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Veterans’ centennial homecoming

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Then and now: Former San Francisco Symphony music directors Herbert Blomstedt, left, and Edo de Waart — pictured during their tenure with the orchestra and today — are leading the orchestra in concert, beginning this week. - COURTESY PHOTO
  • courtesy photo
  • Then and now: Former San Francisco Symphony music directors Herbert Blomstedt, left, and Edo de Waart — pictured during their tenure with the orchestra and today — are leading the orchestra in concert, beginning this week.

Some special guests are appearing with the San Francisco Symphony soon: Former music directors Edo de Waart and Herbert Blomstedt are returning to The City to lead the orchestra during this season’s centennial celebrations.

Now 70, de Waart made his début here in 1975, at age 34. He served as the orchestra’s ninth music director from 1977 to 1985, succeeding Seiji Ozawa. Under his leadership, the combined orchestra for the symphony and the San Francisco Opera separated, and in 1980, the symphony moved into a home of its own, the Louise M. Davies Symphony Hall.

Blomstedt was 58 when he succeeded de Waart in 1985, and led the orchestra for a decade before Michael Tilson Thomas became music director.

Beginning Thursday, Blomstedt, 84, will conduct Mozart’s Piano Concerto No. 9, with Garrick Ohlsson as soloist, and Tchaikovsky’s Symphony No. 5.

The following week, the program features Symphony No. 5 by Anton Bruckner, one of Blomstedt’s favorite composers. Blomstedt received Austria’s Anton Bruckner Prize and Denmark’s Carl Nielsen Prize for another 19th-century composer he has long championed.

After leaving San Francisco, Blomstedt headed orchestras of the North German Radio and the Leipzig Gewandhaus, one of the oldest symphony orchestras. Previously, he was music director of the Dresden Staatskapelle, which, founded in 1548, is probably world’s oldest.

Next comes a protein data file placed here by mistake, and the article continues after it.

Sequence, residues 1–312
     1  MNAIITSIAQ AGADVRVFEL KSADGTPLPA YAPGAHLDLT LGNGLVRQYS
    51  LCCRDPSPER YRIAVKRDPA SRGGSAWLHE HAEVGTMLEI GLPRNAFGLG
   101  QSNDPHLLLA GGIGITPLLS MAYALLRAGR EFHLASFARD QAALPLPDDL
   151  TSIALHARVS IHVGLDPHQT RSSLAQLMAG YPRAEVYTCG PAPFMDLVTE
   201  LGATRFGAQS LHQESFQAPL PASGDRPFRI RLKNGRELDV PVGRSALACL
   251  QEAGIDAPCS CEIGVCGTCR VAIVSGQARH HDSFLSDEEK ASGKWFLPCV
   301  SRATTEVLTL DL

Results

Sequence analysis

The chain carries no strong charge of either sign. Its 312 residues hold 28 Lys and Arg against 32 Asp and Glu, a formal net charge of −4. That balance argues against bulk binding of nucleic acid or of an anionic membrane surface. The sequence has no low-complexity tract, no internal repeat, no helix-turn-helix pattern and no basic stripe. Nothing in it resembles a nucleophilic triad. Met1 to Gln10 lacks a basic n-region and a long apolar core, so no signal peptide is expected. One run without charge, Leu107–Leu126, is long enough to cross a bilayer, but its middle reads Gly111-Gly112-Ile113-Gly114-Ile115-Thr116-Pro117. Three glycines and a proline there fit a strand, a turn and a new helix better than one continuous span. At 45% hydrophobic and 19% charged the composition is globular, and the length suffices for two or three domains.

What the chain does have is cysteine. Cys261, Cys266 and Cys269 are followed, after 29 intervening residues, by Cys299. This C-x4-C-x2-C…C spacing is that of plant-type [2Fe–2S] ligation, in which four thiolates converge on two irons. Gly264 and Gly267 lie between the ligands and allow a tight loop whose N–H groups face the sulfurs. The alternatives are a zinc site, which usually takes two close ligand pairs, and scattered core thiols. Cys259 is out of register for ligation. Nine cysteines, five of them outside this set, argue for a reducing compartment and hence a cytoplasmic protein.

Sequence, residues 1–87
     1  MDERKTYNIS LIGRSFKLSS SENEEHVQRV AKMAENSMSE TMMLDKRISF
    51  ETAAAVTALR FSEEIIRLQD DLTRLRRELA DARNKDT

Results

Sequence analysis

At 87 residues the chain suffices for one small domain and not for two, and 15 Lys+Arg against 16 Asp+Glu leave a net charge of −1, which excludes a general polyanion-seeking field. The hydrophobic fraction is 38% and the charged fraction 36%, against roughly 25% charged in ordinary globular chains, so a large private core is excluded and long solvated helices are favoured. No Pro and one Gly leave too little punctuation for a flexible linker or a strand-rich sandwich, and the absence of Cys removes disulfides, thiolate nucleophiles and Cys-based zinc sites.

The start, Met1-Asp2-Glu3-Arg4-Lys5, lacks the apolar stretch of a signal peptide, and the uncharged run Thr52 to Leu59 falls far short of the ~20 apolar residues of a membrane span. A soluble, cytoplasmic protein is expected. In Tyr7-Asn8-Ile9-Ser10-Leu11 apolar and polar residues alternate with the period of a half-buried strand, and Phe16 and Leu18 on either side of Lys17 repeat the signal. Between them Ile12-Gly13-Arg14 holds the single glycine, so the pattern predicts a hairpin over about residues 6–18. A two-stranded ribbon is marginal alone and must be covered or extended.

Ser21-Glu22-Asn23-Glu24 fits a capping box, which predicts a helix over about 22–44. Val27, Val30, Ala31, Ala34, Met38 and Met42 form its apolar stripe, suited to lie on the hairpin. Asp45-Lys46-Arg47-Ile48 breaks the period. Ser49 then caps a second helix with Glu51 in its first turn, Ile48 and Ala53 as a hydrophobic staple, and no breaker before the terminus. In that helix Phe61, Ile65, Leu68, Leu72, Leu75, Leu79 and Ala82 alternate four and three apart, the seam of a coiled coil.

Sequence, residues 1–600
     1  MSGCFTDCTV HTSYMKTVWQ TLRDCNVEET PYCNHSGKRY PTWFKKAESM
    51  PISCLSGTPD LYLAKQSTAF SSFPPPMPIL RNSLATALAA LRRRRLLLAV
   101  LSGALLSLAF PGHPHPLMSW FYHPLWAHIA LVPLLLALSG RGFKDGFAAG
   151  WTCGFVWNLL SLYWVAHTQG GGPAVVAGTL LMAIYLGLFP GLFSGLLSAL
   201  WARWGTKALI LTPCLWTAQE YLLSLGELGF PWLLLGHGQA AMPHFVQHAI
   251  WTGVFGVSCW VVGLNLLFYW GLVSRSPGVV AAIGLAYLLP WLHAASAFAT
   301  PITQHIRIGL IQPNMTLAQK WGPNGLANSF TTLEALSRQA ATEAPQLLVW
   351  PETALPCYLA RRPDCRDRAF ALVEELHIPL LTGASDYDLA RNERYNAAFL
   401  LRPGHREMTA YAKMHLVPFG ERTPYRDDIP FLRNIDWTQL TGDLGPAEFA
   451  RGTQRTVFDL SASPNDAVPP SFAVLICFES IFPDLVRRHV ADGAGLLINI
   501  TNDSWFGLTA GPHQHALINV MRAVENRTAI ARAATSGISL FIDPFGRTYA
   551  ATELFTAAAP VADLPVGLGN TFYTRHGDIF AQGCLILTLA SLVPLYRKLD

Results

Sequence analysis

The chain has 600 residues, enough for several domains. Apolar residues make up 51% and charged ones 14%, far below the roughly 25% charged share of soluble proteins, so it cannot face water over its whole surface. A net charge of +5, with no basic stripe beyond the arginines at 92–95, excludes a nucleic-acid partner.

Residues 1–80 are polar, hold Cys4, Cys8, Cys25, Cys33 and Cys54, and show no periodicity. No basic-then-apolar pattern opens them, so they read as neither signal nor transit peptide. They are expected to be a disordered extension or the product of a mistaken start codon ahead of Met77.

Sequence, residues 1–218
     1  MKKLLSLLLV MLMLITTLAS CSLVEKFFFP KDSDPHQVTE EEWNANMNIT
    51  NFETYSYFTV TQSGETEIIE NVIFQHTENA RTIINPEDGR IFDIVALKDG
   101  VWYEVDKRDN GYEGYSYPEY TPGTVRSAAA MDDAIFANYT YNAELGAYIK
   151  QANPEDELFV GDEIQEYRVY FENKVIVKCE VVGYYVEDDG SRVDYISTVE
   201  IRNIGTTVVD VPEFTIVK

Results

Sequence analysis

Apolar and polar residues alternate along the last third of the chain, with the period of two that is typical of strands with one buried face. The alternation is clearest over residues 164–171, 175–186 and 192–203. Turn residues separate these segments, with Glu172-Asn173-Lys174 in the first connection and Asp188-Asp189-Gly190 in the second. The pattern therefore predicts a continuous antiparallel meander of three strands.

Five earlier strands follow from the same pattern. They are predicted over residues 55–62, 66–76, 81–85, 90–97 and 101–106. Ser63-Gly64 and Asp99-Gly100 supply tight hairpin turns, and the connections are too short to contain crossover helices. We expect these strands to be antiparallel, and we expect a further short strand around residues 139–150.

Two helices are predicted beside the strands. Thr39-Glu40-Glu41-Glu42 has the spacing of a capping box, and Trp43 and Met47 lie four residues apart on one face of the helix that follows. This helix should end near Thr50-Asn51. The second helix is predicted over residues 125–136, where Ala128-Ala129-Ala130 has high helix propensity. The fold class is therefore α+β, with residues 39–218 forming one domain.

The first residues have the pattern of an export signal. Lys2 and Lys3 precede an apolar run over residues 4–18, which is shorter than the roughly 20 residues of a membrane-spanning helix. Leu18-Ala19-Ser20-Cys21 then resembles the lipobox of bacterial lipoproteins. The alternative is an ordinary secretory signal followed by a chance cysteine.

Blomstedt, a conductor laureate with the San Francisco Symphony, holds the same position with the Bamberg, Danish, NHK, Swedish Radio, and the Gewandhaus orchestras.

Blomstedt, who has called San Francisco Symphony “a very special partner,” first conducted the orchestra in 1984. He made his debut with Beethoven’s Symphony No. 5, and still remembers his initial impression: “Not only were they technically wonderful, but so eager to make music. I liked them from the very beginning, and that has not cooled off over the years.”

The orchestra received its first Grammy Award for the recording of Orff’s “Carmina Burana” with Blomstedt, who conducted the popular work here for the first time in his career: “It’s a flashy piece, but it’s very cleverly done. That was an inspiration for me. We followed up with the Brahms Requiem, and we got the Grammy for that, too.”

De Waart’s concerts include the Prelude to Franz Schreker’s opera, Die Gezeichneten (“The Branded”), Rachmaninoff’s Piano Concerto No. 4, with Simon Trpeski as soloist, and Saint-Saëns’ Symphony No. 3.

Since leaving San Francisco, de Waart headed orchestras in Minneapolis, his native Holland, Sydney, Hong Kong and Santa Fe. Currently, he is music director of the Milwaukee Symphony.

IF YOU GO

San Francisco Symphony

Conducted by Herbet Blomstedt

When: 2 p.m. Thursday, 6:30 p.m. Friday, 8 p.m. Saturday, Wednesday and Feb. 10

Where:
Davies Symphony Hall, 201 Van Ness Ave., San Francisco

Tickets:
$15 to $145

Contact: (415) 864-6000, www.sfsymphony.org

Note: Concerts led by Edo de Waart are at 2 p.m. Feb. 16 and 19 and 8 p.m. Feb. 17-18